Conflict of Interest Disclosures: Mr Verzijden reports support from the European Union’s Horizon 2020 during the conduct of the study. Dr Lechanteur reports personal fees from Novartis and Bayer outside the submitted work. Dr den Hollander reports grants from the Dutch Research Council during the conduct of the study and consulting fees paid to her institution from Gemini Therapeutics, Gyroscope Therapeutics, Ionis Pharmaceuticals, and F. Hoffmann-La Roche outside the submitted work. No other disclosures were reported.
Funding/Support: This research was supported by the Dutch Research Council (016.Vici.170.024 to Dr den Hollander) and Oogfonds, Landelijke Stichting voor Blinden en Slechtzienden, Macula Fonds, Vereniging Bartiméus Sonneheerdt (Uitzicht 2016-02 and 2016-26 to Drs den Hollander and Hoyng).
Role of the Funder/Sponsor: The funders had no role in the design and conduct of the study; collection, management, analysis, and interpretation of the data; preparation, review, or approval of the manuscript; and decision to submit the manuscript for publication.
Additional Contributions: We thank Johannes Groenewoud, MSc, Department of Health Evidence, Radboud University Medical Center, Nijmegen, the Netherlands, for assisting in statistical analyses, including the logistic regression analysis and the mixed model analysis, and Corina Brussee, Ada Hooghart, and Amal Hamimida, Department of Ophthalmology, Erasmus Medical Center, Rotterdam, the Netherlands; Department of Epidemiology, Erasmus Medical Center, Rotterdam, the Netherlands; and EyeNED Reading Center, Rotterdam, the Netherlands, for their contribution to the grading of the retinal images. These individuals were not compensated for their contributions.
et al; EYE-RISK consortium; European Eye Epidemiology (E3) consortium. Prevalence of age-related macular degeneration in Europe: the past and the future. Ophthalmology
. 2017;124(12):1753-1763. doi:10.1016/j.ophtha.2017.05.035
et al. A large genome-wide association study of age-related macular degeneration highlights contributions of rare and common variants. Nat Genet
. 2016;48(2):134-143. doi:10.1038/ng.3448
et al. Rare variants in CFI
are associated with high risk of advanced age-related macular degeneration. Nat Genet
. 2013;45(11):1366-1370. doi:10.1038/ng.2741
et al. Mapping rare, deleterious mutations in factor H: association with early onset, drusen burden, and lower antigenic levels in familial AMD. Sci Rep
. 2016;6:31531. doi:10.1038/srep31531
et al. Identification of a rare coding variant in complement 3 associated with age-related macular degeneration. Nat Genet
. 2013;45(11):1375-1379. doi:10.1038/ng.2758
L. Association of reticular pseudodrusen and early onset drusen. ISRN Ophthalmol
. 2013;2013:273085. doi:10.1155/2013/273085
et al; United Kingdom Inherited Retinal Dystrophy Consortium. Loss-of-function mutations in the CFH
gene affecting alternatively encoded factor H-like 1 protein cause dominant early-onset macular drusen. Ophthalmology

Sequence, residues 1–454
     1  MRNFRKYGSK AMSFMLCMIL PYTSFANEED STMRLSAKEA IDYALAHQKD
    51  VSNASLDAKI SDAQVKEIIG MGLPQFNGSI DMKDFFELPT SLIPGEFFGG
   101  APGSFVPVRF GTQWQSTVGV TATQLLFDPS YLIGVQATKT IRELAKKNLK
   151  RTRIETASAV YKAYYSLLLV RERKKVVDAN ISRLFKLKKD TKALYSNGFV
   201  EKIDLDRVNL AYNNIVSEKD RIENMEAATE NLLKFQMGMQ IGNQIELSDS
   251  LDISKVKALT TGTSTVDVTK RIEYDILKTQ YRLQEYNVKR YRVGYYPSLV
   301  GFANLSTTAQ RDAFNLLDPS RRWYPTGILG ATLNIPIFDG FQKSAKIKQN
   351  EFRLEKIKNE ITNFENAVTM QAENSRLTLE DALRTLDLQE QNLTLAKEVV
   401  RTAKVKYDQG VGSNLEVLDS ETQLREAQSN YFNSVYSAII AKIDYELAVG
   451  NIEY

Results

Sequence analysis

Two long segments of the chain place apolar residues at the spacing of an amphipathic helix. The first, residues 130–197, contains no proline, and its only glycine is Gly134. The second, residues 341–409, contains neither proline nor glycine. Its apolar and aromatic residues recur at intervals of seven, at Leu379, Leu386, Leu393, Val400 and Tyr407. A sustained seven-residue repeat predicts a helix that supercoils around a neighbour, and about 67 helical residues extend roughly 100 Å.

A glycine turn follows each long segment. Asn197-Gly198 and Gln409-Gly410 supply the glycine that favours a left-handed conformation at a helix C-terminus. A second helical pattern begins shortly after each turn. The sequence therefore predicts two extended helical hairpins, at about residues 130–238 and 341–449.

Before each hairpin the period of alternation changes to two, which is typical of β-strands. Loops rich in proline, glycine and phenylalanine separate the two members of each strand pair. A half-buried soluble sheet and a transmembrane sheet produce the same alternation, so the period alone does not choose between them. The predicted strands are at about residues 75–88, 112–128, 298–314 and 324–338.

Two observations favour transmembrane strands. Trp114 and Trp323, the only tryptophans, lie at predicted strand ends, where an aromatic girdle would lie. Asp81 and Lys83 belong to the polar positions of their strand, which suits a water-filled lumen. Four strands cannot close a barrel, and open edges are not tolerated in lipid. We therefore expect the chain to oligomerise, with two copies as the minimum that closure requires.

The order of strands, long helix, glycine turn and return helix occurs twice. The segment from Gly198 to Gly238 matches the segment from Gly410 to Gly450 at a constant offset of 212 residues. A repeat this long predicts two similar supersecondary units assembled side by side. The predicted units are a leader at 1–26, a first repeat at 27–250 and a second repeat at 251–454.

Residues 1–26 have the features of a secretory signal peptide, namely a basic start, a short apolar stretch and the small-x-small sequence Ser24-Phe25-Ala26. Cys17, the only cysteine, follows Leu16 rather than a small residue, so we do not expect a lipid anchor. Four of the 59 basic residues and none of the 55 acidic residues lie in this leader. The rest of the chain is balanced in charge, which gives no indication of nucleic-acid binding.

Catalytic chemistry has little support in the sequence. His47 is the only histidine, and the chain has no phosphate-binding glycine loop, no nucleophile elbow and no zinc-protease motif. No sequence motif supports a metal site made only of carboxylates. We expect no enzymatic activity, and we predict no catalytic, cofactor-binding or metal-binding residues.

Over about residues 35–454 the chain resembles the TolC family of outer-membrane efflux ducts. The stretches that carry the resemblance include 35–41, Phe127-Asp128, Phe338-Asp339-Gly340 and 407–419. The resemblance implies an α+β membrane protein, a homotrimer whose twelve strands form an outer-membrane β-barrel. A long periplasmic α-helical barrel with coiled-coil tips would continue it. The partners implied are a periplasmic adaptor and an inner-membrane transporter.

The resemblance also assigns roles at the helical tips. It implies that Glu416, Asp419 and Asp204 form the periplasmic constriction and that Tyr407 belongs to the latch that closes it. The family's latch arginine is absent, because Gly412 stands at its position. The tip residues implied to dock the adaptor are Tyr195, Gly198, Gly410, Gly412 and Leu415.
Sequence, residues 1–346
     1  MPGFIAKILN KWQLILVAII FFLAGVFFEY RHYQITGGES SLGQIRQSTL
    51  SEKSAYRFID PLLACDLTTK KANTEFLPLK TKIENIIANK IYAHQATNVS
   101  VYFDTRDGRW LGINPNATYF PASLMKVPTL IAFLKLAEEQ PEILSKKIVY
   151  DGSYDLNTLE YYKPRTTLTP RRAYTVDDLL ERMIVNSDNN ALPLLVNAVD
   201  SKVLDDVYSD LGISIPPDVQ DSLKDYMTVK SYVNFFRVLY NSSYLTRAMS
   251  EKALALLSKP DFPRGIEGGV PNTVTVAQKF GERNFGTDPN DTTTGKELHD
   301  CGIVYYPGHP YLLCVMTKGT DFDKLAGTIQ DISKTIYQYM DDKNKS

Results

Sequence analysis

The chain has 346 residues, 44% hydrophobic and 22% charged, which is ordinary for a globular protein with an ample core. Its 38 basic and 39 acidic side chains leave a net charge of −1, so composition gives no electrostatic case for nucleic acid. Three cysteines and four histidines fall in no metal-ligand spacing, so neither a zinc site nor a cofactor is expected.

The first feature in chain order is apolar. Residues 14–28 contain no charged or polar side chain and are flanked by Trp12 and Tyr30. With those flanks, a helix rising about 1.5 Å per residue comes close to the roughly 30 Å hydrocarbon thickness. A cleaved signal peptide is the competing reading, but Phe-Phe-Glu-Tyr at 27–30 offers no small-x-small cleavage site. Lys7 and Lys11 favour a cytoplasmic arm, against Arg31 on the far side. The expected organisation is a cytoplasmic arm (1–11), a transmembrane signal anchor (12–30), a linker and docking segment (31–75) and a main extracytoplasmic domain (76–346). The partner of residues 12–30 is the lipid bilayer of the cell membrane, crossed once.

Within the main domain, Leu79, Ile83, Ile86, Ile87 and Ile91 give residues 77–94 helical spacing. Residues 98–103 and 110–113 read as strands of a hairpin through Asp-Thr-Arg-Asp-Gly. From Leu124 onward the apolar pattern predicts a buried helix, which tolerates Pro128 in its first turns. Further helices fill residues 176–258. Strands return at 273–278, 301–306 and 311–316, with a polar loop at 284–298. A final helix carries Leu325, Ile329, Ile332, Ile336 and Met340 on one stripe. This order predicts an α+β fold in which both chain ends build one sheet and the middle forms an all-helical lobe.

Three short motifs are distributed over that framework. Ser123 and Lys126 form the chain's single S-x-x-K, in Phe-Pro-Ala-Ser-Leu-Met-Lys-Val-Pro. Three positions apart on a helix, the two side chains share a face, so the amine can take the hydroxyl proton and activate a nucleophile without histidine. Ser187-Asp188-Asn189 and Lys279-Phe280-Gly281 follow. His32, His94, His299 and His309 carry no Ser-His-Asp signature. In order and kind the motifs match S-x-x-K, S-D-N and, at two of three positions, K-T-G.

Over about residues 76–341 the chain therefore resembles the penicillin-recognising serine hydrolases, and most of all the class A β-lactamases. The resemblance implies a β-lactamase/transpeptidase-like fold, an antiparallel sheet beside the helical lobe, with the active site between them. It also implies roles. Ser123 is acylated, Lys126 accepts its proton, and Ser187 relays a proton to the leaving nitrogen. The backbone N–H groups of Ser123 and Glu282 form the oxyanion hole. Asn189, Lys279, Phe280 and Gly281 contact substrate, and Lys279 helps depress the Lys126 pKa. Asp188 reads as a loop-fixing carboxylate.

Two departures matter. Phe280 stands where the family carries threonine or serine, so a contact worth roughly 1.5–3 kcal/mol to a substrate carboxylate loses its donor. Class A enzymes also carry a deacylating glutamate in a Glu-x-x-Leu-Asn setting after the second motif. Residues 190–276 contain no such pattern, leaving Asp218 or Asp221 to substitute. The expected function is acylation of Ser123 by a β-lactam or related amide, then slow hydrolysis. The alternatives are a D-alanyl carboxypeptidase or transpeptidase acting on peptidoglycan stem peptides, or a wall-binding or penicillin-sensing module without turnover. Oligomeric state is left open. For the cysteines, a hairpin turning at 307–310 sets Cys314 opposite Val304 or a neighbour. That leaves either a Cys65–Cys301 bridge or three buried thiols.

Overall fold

. 2019;126(10):1410-1421. doi:10.1016/j.ophtha.2019.03.013
et al. Central areolar choroidal dystrophy (CACD) and age-related macular degeneration (AMD): differentiating characteristics in multimodal imaging. Invest Ophthalmol Vis Sci
. 2011;52(12):8908-8918. doi:10.1167/iovs.11-7926
et al; on behalf of the MACUSTAR consortium. MACUSTAR: development and clinical validation of functional, structural, and patient-reported endpoints in intermediate age-related macular degeneration. Ophthalmologica
. 2019;241(2):61-72. doi:10.1159/000491402PubMedGoogle ScholarCrossref
et al; International ARM Epidemiological Study Group. An international classification and grading system for age-related maculopathy and age-related macular degeneration. Surv Ophthalmol
. 1995;39(5):367-374. doi:10.1016/S0039-6257(05)80092-X
et al; EYE-RISK Consortium. Development of a genotype assay for age-related macular degeneration: the EYE-RISK Consortium. Ophthalmology
. 2020;S0161-6420(20)30725-9. doi:10.1016/j.ophtha.2020.07.037
et al. Genetic screening for macular dystrophies in patients clinically diagnosed with dry age-related macular degeneration. Clin Genet
. 2018;94(6):569-574. doi:10.1111/cge.13447
PN. Factor H and factor H-like protein 1. In Barnum
T, eds. The Complement FactsBook. 2nd ed. Academic Press. 2017.
et al; ACMG Laboratory Quality Assurance Committee. Standards and guidelines for the interpretation of sequence variants: a joint consensus recommendation of the American College of Medical Genetics and Genomics and the Association for Molecular Pathology. Genet Med
. 2015;17(5):405-424. doi:10.1038/gim.2015.30
et al. Rare variants in the functional domains of complement factor H are associated with age-related macular degeneration. Invest Ophthalmol Vis Sci
. 2015;56(11):6873-6878. doi:10.1167/iovs.15-17432
EB, de Jong
et al. Genotype-phenotype correlations of low-frequency variants in the complement system in renal disease and age-related macular degeneration. Clin Genet
. 2018;94(3-4):330-338. doi:10.1111/cge.13392
PN. Identification of factor H-like protein 1 as the predominant complement regulator in Bruch’s membrane: implications for age-related macular degeneration. J Immunol
. 2014;193(10):4962-4970. doi:10.4049/jimmunol.1401613
YTE, den Hollander
AI. Risk factors for progression of age-related macular degeneration. Ophthalmic Physiol Opt
. 2020;40(2):140-170. doi:10.1111/opo.12675